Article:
MCW Pharmacy School Experiential Education

acpe-MCW Community Connection

Welcome to the ACPE-MCW Community Connection webpage! Our goal is to educate the community of faculty, staff, students, partners, and friends about the ACPE accreditation process that is currently underway as we prepare for our upcoming ACPE site visit on April 24-26, 2018.  

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  What is ACPE?

The Accreditation Council for Pharmacy Education (ACPE) is recognized by the US Department of Education (USDE) for the accreditation and preaccreditation, within the United States, of professional degree programs in pharmacy leading to the degree of Doctor of Pharmacy, including those programs offered via distance education. ACPE’s Continuing Pharmacy Education Provider Accreditation and International Services programs do not qualify for USDE recognition.

  What is the purpose of the ACPE accreditation?

The essential purpose of the accreditation process is to provide a professional judgment of the quality of a college or school of pharmacy’s professional program and to encourage continued improvement thereof. Accreditation concerns itself with both quality assurance and quality enhancement. Those programs accredited by ACPE are published and maintained on ACPE’s website under Accredited Programs. Recognition does not imply or infer that all Doctor of Pharmacy programs are equivalent beyond meeting the expectations of the 25 accreditation standards. Accreditation standards include both quantitative and qualitative parameters.

  Why is attaining ACPE accreditation critical to a pharmacy school?

Only students who graduate from an ACPE-accredited Doctor of Pharmacy program are eligible to sit for the North American Pharmacist Licensure Examination (NAPLEX). Graduates must pass this examination, along with the  Multistate Pharmacy Jurisprudence Examination (MPJE) to practice pharmacy in the United States.

  Does ACPE accreditation apply to all MCW campus locations?

Currently, the School of Pharmacy is authorized to offer the Doctor of Pharmacy degree on the Milwaukee Regional Medical Center campus. The School of Pharmacy must notify ACPE if it intends to offer its pharmacy program to students at a remote location, and follow the accreditation process for pharmacy programs with multi-campus locations.

  Does MCW hold other accreditations?

MCW is accredited as an institution of higher learning by the Higher Learning Commission (HLC)-North Central Commission, a regional accrediting agency. An institution like MCW must first hold HLC accreditation before it can receive any level of ACPE accreditation for its PharmD program. MCW’s Pharmacy School, Medical School, Graduate School and any future degree granting programs or schools that may be undertaken are encompassed institutionally under HLC accreditation and are subject to the standards set forth by the HLC for all institutional of higher learning.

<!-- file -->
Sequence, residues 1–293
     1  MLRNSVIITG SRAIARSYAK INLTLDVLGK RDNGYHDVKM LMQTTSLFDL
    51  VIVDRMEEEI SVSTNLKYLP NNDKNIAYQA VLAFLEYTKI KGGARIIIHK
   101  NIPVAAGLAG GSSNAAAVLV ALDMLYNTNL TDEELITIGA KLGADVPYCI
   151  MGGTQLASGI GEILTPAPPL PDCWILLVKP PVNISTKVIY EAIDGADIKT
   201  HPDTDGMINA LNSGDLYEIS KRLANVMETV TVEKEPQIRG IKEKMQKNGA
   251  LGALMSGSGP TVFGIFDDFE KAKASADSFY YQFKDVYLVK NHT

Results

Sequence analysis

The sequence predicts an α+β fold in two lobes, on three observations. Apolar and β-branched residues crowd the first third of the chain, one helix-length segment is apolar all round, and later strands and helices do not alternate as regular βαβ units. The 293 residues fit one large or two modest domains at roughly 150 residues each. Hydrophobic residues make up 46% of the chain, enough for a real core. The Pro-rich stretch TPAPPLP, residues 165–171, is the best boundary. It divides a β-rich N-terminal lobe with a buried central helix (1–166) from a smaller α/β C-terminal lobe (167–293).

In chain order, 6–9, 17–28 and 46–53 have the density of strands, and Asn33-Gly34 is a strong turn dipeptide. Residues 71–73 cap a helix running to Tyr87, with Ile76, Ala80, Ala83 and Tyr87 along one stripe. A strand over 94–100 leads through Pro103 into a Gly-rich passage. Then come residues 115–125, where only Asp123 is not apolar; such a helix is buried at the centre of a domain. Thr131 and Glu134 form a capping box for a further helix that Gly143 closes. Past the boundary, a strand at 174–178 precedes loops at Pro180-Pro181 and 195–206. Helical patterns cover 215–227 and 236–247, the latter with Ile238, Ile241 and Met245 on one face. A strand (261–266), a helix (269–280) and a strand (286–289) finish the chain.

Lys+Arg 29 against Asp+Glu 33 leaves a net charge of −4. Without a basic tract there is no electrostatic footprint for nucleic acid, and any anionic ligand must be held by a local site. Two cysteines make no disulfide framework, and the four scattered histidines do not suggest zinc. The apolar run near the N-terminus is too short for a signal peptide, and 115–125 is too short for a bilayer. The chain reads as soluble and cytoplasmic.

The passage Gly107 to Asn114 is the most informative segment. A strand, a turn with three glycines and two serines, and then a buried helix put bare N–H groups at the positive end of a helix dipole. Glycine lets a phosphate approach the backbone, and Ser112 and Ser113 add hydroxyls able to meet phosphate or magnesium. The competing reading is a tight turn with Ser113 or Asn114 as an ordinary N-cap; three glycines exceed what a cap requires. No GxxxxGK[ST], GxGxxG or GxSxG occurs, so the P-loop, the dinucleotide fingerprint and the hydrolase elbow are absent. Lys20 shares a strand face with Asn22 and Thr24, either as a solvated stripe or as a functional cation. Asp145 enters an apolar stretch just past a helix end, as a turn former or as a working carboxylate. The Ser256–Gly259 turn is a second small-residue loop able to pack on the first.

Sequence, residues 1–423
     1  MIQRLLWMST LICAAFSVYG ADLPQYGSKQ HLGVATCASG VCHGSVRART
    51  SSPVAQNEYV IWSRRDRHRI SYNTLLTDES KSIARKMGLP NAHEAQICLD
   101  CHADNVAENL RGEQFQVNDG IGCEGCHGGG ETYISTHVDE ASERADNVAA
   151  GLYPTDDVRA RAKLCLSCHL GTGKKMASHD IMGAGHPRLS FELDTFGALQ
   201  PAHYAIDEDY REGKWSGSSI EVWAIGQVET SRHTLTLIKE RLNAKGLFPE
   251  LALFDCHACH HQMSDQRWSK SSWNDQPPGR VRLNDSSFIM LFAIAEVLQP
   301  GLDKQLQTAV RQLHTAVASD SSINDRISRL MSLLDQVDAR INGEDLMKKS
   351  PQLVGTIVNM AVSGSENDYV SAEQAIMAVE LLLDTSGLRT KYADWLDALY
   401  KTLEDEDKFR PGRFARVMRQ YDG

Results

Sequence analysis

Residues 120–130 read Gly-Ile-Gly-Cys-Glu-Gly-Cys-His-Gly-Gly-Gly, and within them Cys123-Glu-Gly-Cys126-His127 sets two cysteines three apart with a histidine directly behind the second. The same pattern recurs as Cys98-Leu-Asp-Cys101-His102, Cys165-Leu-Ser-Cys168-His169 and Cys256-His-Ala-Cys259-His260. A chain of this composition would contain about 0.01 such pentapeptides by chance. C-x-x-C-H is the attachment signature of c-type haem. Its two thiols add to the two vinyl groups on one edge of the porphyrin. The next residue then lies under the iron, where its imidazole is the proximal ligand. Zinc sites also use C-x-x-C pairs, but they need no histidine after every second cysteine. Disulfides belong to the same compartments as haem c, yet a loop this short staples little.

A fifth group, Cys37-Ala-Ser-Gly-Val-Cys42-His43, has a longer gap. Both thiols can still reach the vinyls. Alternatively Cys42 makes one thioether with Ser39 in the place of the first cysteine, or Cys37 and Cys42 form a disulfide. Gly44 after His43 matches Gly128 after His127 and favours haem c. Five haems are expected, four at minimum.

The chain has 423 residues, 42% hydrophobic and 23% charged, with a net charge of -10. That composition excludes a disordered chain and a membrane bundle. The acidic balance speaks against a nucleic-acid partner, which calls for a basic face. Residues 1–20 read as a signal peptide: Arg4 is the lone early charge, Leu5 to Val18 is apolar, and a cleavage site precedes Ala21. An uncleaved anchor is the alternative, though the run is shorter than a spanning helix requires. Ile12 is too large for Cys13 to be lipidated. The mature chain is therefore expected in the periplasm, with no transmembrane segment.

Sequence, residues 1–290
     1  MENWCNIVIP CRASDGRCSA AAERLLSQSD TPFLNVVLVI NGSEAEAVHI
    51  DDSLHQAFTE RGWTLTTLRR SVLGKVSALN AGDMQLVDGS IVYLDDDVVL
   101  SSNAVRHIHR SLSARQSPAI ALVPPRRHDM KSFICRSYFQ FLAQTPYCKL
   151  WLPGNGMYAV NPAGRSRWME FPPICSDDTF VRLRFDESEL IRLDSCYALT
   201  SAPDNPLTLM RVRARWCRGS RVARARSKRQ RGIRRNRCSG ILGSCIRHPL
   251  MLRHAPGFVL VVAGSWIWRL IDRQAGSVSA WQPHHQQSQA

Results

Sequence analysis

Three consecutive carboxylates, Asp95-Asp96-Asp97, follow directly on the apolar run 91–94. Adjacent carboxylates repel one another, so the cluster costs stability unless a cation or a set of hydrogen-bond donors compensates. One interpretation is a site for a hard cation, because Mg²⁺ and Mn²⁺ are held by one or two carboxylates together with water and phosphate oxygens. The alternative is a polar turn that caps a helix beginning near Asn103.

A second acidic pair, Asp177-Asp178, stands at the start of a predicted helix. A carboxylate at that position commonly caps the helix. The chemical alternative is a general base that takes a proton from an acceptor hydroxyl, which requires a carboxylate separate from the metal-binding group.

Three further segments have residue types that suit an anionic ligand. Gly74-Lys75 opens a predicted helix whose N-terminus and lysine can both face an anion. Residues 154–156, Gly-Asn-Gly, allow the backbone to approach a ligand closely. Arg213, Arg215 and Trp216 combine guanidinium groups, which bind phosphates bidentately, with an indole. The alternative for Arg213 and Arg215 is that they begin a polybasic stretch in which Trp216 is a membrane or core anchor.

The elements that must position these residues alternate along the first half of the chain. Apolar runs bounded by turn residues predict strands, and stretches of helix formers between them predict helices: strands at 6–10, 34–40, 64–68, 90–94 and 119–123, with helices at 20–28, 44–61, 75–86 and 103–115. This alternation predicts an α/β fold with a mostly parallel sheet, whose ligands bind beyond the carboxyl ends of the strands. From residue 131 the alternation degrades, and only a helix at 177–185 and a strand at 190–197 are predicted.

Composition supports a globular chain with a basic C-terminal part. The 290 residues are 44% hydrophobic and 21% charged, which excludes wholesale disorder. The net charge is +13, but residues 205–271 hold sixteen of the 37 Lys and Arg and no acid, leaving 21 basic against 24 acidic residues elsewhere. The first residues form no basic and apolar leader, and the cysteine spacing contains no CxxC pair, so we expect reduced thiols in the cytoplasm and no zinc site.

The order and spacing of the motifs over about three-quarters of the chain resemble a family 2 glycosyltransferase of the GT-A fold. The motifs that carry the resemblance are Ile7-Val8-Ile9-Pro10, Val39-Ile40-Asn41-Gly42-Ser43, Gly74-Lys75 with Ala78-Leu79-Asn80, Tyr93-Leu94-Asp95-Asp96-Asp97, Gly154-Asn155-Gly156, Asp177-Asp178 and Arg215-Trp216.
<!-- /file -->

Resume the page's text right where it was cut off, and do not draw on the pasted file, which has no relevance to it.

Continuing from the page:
Are there different levels of ACPE Accreditation?

Yes, there are three levels of accreditation, Preaccreditation, Accreditation, and Accreditation with Probation.

 

Preaccreditation – A newly instituted Doctor of Pharmacy program of a College or School of Pharmacy maybe granted one of two preaccreditation statuses, depending upon its stage of development. In the instance of a newly founded College or School of Pharmacy, the program progresses through both statuses. The standards are the same as those employed for accredited status, however, preaccreditation involves, in large measure, planning in accord with standards and provision of reasonable assurances for a quality outcome.

 

  • Precandidate – A new program that has no students enrolled but that meets the eligibility criteria for accreditation may be granted Precandidate accreditation status. The granting of Precandidate status indicates that a college or school’s planning for the Doctor of Pharmacy program has taken into account ACPE standards and guidelines and suggests reasonable assurances of moving to the next step, that of Candidate status. Granting of Precandidate status brings no rights or privileges of accreditation.  Full public disclosure by the college or school of pharmacy of the terms and conditions of this accreditation status is required.
  • Candidate – Following achievement of Precandidate status, and once students have enrolled in a new program, but the program has not had a graduating class, the program may be granted Candidate status. The granting of Candidate status denotes a developmental program that is expected to mature in accord with stated plans and within a defined time period. Reasonable assurances are expected to be provided that the program may become accredited as programmatic experiences are gained, generally, by the time the first class has graduated. Graduates of a class designated as having Candidate status have the same rights and privileges as graduates of an accredited program.